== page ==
The Talmud has also been criticised for exaggerating historical events. In one place (Gittin 57b), for instance, the Talmud suggests that as many as four hundred thousand myriads (or forty billion) Jews were killed by the Romans in Beitar. This is obviously impossible, and there is no doubt the rabbis knew that. It is possible they did not use the word “myriads” to literally refer to 10,000 (as is usually accepted) but simply to mean “a great many”, just as the word is commonly used in English. If so, then the Talmud may have simply meant 400,000 Jews, which is certainly reasonable considering that Beitar was the last stronghold and refuge of the Jews during the Bar Kochva Revolt.

Archaeological remains of the Beitar fortress.

Either way, as already demonstrated the Talmud is known to use highly exaggerated language as a figure of speech. It is not be taken literally. This is all the more true for the stories of Rabbah Bar Bar Chanah, which are ridiculed for their embellishment. Bar Bar Chanah’s own contemporaries knew it, too, with Rabbi Shimon ben Lakish even refusing to take his helping hand while nearly drowning in the Jordan River! (Yoma 9b) Nonetheless, the Talmud preserves his tall tales probably because they carry deeper metaphorical meanings.

Having said that, there are times when the Talmud is extremely precise in its historical facts. For example, it records (Avodah Zarah 9a) the historical eras leading up to the destruction of the Second Temple:

…Greece ruled for one hundred and eighty years during the existence of the Temple, the Hasmonean rule lasted one hundred and three years during Temple times, the House of Herod ruled one hundred and three years. Henceforth, one should go on counting the years as from the destruction of the Temple. Thus we see that [Roman rule over the Temple] was two hundred and six years…

We know from historical sources that Alexander conquered Israel around 331 BCE. The Maccabees threw off the yoke of the Greeks around 160 BCE, and Simon Maccabee officially began the Hasmonean dynasty in 142 BCE. That comes out to between 171 and 189 years of Greek rule, depending on where one draws the endpoint, right in line with the Talmud’s 180 years. The Hasmoneans went on to rule until 37 BCE, when Herod took over—that’s 105 years, compared to the Talmud’s 103 years. And the Temple was destroyed in 70 CE, making Herodian rule over the Temple last about 107 years. We also know that Rome recognized the Hasmonean Jewish state around 139 BCE, taking a keen interest in the Holy Land thereafter, and continuing to be involved in its affairs until officially taking over in 63 BCE. They still permitted the Hasmoneans and Herodians to “rule” in their place until 92 CE. Altogether, the Romans loomed over Jerusalem’s Temple for about 209 years; the Talmud states 206 years. Considering that historians themselves are not completely sure of the exact years, the Talmud’s count is incredibly precise.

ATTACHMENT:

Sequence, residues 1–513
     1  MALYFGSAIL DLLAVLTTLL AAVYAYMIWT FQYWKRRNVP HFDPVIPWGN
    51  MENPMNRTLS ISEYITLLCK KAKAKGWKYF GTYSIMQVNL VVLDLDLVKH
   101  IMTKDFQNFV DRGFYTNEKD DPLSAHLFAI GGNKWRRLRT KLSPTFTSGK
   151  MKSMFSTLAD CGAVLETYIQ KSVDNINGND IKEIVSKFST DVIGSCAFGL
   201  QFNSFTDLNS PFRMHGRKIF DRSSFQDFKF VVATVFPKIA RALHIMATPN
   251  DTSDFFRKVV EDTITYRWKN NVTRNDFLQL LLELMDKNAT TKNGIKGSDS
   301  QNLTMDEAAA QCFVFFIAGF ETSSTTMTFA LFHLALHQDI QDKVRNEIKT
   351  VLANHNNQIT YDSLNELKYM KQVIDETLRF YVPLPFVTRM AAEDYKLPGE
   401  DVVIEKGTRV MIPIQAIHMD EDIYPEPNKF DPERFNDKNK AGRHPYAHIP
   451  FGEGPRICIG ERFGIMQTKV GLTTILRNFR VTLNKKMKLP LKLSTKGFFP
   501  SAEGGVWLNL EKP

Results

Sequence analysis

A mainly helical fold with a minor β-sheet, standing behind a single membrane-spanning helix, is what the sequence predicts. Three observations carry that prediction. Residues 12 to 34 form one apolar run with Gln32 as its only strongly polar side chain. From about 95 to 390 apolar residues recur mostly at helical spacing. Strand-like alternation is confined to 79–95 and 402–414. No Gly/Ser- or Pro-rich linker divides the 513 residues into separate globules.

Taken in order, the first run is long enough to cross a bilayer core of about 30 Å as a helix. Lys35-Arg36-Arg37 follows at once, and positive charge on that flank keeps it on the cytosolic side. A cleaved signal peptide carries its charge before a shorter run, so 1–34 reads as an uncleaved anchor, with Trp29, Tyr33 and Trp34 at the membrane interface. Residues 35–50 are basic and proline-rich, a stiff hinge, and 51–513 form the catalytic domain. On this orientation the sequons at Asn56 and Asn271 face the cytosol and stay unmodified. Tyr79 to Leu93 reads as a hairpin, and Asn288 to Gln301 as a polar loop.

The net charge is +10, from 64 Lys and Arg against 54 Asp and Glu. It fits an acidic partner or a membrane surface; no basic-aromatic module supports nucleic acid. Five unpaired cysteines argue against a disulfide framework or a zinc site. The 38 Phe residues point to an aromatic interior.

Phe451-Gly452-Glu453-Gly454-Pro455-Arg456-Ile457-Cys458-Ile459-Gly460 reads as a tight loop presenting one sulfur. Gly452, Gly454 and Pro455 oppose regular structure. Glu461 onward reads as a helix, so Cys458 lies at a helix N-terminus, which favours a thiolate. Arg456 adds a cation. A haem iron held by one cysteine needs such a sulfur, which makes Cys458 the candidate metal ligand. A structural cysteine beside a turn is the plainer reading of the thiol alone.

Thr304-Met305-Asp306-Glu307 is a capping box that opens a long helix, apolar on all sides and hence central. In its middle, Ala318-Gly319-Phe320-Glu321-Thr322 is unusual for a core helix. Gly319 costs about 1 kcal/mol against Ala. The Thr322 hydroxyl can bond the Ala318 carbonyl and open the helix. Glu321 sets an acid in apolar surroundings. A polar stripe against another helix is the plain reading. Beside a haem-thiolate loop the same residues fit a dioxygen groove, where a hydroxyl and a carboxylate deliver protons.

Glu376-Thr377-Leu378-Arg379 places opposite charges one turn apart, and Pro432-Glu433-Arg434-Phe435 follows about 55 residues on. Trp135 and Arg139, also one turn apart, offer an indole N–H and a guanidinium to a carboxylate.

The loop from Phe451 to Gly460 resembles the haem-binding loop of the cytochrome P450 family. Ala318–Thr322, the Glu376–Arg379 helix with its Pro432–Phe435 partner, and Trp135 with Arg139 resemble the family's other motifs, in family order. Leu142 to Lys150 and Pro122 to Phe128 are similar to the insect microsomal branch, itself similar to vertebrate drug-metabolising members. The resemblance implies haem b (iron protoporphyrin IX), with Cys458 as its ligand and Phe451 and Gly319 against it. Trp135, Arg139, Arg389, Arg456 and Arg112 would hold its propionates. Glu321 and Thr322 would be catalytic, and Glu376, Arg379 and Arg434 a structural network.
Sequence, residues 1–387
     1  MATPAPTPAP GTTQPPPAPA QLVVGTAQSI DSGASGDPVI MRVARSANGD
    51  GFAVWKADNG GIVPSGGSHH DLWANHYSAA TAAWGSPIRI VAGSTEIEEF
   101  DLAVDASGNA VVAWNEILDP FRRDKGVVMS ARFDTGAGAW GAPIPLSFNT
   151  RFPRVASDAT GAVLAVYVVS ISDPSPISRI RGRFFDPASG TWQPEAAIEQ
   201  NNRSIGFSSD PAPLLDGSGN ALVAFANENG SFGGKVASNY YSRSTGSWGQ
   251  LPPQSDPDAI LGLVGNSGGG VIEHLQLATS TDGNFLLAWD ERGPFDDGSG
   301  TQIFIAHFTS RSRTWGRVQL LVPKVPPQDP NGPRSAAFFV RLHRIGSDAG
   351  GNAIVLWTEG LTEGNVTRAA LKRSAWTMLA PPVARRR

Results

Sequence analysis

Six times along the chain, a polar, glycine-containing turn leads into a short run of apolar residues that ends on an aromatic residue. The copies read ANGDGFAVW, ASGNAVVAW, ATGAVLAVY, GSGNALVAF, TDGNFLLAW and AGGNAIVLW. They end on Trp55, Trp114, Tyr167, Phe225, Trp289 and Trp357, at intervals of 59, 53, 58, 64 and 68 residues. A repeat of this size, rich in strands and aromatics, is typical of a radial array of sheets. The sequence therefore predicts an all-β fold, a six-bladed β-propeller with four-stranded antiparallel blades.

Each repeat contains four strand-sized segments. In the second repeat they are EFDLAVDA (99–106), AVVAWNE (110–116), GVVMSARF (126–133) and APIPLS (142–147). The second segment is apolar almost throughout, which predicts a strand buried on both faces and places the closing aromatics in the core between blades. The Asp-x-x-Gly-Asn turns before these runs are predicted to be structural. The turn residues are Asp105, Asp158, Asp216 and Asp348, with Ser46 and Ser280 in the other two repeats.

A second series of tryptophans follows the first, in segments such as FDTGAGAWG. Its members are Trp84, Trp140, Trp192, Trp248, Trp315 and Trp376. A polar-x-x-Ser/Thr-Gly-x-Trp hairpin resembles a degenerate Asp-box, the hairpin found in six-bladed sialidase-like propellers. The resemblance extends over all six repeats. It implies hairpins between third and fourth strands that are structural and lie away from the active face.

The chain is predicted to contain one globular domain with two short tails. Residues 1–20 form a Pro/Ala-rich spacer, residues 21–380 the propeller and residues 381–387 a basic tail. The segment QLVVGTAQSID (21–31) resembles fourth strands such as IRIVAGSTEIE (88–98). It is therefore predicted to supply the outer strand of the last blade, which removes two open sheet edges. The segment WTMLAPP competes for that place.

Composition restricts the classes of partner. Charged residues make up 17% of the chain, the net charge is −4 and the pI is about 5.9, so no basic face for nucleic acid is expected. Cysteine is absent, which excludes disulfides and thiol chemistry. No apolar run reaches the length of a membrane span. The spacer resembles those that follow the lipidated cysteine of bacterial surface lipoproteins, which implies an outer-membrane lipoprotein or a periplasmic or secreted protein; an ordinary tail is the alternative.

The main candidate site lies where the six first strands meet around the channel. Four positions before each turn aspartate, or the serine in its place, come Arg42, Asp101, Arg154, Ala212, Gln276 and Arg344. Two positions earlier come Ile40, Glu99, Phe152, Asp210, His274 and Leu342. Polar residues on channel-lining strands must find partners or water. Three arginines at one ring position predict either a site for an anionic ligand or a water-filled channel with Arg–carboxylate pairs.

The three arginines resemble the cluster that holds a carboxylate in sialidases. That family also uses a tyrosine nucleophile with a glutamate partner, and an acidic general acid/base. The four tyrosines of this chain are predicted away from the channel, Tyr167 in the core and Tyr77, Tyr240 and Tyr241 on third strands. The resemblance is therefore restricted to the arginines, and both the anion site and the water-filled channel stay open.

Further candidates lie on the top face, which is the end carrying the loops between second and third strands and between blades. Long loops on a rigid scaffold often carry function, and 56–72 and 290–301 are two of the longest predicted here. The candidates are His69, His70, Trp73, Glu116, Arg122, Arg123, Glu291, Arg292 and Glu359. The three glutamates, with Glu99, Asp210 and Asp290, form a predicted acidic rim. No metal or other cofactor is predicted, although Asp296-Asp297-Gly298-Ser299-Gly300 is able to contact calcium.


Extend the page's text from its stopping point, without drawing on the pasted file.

Understanding the Talmud

Lastly, it is important never to forget that the Talmud is not the code of Jewish law, and that Judaism is far, far more than just the Talmud. There are literally thousands of other holy texts. Jews do not just study Talmud, and even centuries ago, a Jew who focused solely on Talmud was sometimes disparagingly called a hamor d’matnitin, “Mishnaic donkey”. The Talmud itself states (Kiddushin 30a) that one should spend a third of their time studying Tanakh, a third studying Mishnah (and Jewish law), and a third studying Gemara (and additional commentary). The Arizal prescribes a study routine that begins with the weekly parasha from the Five Books of Moses, then progresses to the Nevi’im (Prophets) and Ketuvim, then to Talmud, and finally to Kabbalah (see Sha’ar HaMitzvot on Va’etchanan). He also states emphatically that one who does not study all aspects of Judaism has not properly fulfilled the mitzvah of Torah study.

A Torah scroll in its Sephardic-style protective case, with crown.

Those who claim that Jews have replaced the Tanakh with the Talmud are entirely mistaken: When Jews gather in the synagogue, we do not take out the Talmud from the Holy Ark, but a scroll of Torah. It is this Torah which is so carefully transcribed by hand, which is adorned with a crown to signify its unceasing authority, and before which every Jew rises. After the Torah reading, we further read the Haftarah, a selection from the Prophets. At no point is there a public reading of Talmud. As explained previously, the Talmud is there to help us understand the Tanakh, and bring it to life.

Ultimately, one has to remember that the Talmud is a continuing part of the evolution of Judaism. We wrote before how we were never meant to blindly follow the Torah literally, but rather to study it, develop it, grow together with it, and extract its deeper truths. The same is true of the Talmud—the “Oral” Torah—and of all others subjects within Judaism, including Midrash, Kabbalah, and Halacha. Judaism is constantly evolving and improving, and that’s the whole point.